How Co-Q is Being Used
to Fight Cancer

This section is compiled by Frank M. Painter, D.C.
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From The April 1999 Issue of Nutrition Science News

by Dan Lukaczer, N.D.

First, a little background on this interesting organic compound. Co-Q10 is a component of the electron transport chain in the mitochondrial membrane. Mitochondria are the major energy-producing organelles in the cell and thus Co-Q10 has a critical function in the manufacture of ATP, the cells' energy currency. High concentrations of Co-Q10 are found in areas that need the largest supply of energy, such as the heart, liver and immune cells.

Although Co-Q10 can be manufactured in the body, the process involves many steps and the presence of at least eight vitamins. [1] Hence, some researchers think Co-Q10 may be a conditionally essential nutrient under certain health conditions or in people with low levels. For instance, relatively large doses have been used to treat hypertension. [2] Co-Q10 has also been used to reduce the toxicity of certain chemotherapy drugs. [3]

The data on actually treating cancer are exciting but preliminary. Research suggests a relationship between various cancers and the level of Co-Q10 in the blood. [4] One human trial studied the effect of 90 mg/day of Co-Q10 on breast cancer patients. The results showed that after two years, the women who took Co-Q10 lived longer. Because there was no placebo in this trial, the researchers calculated that on standard therapy, a percentage of these women would have died in this time period. With the nutritional protocol, none of them did. [5]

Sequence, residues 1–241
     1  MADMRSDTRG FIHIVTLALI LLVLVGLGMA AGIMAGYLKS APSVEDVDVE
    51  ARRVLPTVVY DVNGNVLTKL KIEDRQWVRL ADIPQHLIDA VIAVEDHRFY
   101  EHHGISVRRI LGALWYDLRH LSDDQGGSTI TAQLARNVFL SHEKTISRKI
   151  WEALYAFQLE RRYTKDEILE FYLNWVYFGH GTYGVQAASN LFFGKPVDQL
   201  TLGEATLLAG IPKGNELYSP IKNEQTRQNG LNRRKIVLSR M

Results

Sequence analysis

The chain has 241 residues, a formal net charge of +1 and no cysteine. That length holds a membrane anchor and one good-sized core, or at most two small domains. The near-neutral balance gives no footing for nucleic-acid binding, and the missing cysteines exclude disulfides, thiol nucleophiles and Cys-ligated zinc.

The same research group reported that a few of those women were later given much larger doses of Co-Q10390 mg/day. In two cases, there appeared to be complete remission of the cancer metastases. [6] It is unclear how these massive dosages may be working, but it may involve stimulating the immune system. [7] Co-Q10 appears to be virtually nontoxic even at these doses. Although Co-Q10 may prove to be a useful nutrient in certain cancer treatments, much more research is needed.

Dan Lukaczer, N.D., is an educator and researcher at the Functional Medicine Research Center, a division of HealthComm International Inc. in Gig Harbor, Wash


1. Folders, K.
Relevance of the Biosynthesis of Coenzyme Q10 and of the Four Bases of DNA as a Rationale for the Molecular Causes of Cancer
Biochem Biophys Res Commun 1996 (Jul 16);   224 (2):   358361

2. Langsjoen P, Langsjoen P, Willis R, Folkers K
Treatment of Essential Hypertension with Coenzyme Q10r
Mol Aspects Med 1994;   15 Suppl:   S265272

3. Oluma K, et al. Gan To kagaku Tyoho 1984;11(3):502-8. As cited in Biok J. Cancer and Natural Medicine, Oregon Medical Press; 1995

4. Austin S. Alt Med Review 1997;2:4-11

5. Lockwood K, et al. Molec Aspects Med 1994;15(suppl):s231-40

6. Lockwood D
Partial and Complete Regression of Breast Cancer in Patients in Relation to Dosage of Coenzyme Q10
Biochem Biophys Res Commun 1994 (Mar 30);   199 (3):   15041508

7. Lockwood K
Progress on Therapy of Breast Cancer with Vitamin Q10 and the Regression of Metastases
Biochem Biophys Res Commun 1995 (Jul 6);   212 (1):   172177

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